Economy and decarbonisation

If public and elite opinion ever converge on a plan for stronger climate action, real progress in Iraq will require foreign direct investment in green energy. But unless and until the country’s political elite take the steps needed to transform Iraq into an attractive environment for investment (which they have repeatedly refused to do) the federal government (and local governments) will lack sufficient resources to invest in conserving water, halting and reversing desertification, and improving energy security through developing Iraq’s considerable renewable energy potential.

Economic reform could assist in this, and is in any case necessary. Over the past decade, oil revenues accounted for more than 99 per cent of Iraqi exports and 85 per cent of the government’s budget. Allawi has pointed out that if the world reaches net zero emissions by 2050, net revenues for oil-producing countries will collapse by 75 per cent. Significant opportunities are likely to arise in moving away from oil – which dominates the economy but represents only 1 per cent of total employment in the country. In contrast, a transition to green energy may offer more job opportunities.

Yet, the extremely undiversified nature of Iraq’s economy leaves it vulnerable to the global shift towards decarbonisation; the European Union’s European Green Deal, among other drivers of decarbonisation, could have serious geopolitical implications for economies dependent on hydrocarbons exports. Iraq is a signatory to the Paris Agreement to limit global emissions, although it has pledged to cut its greenhouse gas emissions by only a modest 1 per cent by 2035. An additional 13 per cent target is conditional on international support. Iraq’s finance minister has argued that this support will be vital to ensuring the transition of global decarbonisation has no negative impacts on Iraq or on the region’s security and stability. Iraqi officials have also warned developed countries and states not dependent on hydrocarbons not to push for too swift a transition.

Much remains to be done to secure investment to diversify the economy. Key to this will be to address Iraq’s deep governance shortcomings, including reducing corruption. Such steps would also help the country win investment for climate adaptation and mitigation measures, which would provide jobs and relieve social stress.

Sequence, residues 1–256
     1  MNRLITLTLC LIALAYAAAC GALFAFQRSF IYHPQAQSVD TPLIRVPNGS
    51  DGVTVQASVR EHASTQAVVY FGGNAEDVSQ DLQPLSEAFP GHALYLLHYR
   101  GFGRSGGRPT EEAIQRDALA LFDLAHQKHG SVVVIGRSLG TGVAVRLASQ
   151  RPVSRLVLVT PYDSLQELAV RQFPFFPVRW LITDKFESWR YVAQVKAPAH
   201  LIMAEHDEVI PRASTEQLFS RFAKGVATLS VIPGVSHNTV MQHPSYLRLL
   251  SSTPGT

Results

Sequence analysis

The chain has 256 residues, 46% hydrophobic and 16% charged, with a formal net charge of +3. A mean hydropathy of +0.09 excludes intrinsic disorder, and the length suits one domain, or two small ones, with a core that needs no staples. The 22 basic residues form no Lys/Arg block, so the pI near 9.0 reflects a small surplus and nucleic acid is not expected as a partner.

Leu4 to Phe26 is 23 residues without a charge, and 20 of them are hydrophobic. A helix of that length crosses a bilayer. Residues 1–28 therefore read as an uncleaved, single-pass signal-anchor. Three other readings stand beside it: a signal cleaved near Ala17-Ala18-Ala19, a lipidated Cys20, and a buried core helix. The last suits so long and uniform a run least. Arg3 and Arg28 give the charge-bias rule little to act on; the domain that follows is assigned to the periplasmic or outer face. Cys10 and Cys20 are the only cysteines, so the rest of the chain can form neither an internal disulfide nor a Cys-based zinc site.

Iraq’s weak governance and capacity to respond to climate change


As noted, Iraq lacks a political culture able to respond to the challenges posed by climate change or to develop an economic transformation plan. But such problems have emerged at least in part because of Iraq’s existing weak governance and inability to turn policy into action in terms of services, regulation, or infrastructure.  

The soaring price of oil means that Iraq could afford to invest in adapting to climate change and mitigating its effects. Yet, even if a future Iraqi government were to make serious budget allocations in this direction, it would also need to address several governance weaknesses. These prevent it from mitigating some of the aspects of climate change that could be within its control, were it to align its policy, its resources, and its governance and delivery structures.

Such weaknesses exist at the local and national level. For example, significant tensions have regularly arisen among governing institutions over water sharing, such as between the provinces of Maysan and Kut, and between the provinces of Muthanna, Qadisiya, and Dhi Qar. Officials from southern provinces such as Maysan and Muthanna complain that provinces to the north take more than their share of water, affecting them downstream. In March 2017, the governor of Muthanna, Faleh al-Ziyadi, sent bulldozers and security forces to remove water barriers in the al-Hamza district of Qadisiya, risking an armed clash. Former Dhi Qar governor, Yahya al-Nasiri, has remarked that “the governorates act unilaterally [on water], which portends a catastrophe”.  

At the national level, the Ministry of Agriculture is responsible for irrigation, rather than the Ministry of Water Resources, leading to a lack of clarity in the setting and implementation of policies related to water conservation and the modernisation of irrigation techniques. This is important because Iraq currently uses extremely wasteful irrigation methods. It is vital that Iraq conserve water by modernising its irrigation systems, a task that the Ministry of Water Resources estimates would cost the country between $50-70 billion over the next 13 years. To do this, a more unified national government approach in cooperation with empowered provincial authorities would be able to help local farmers throughout the country quickly transition to low-tech methods that reduce water use.

Social impacts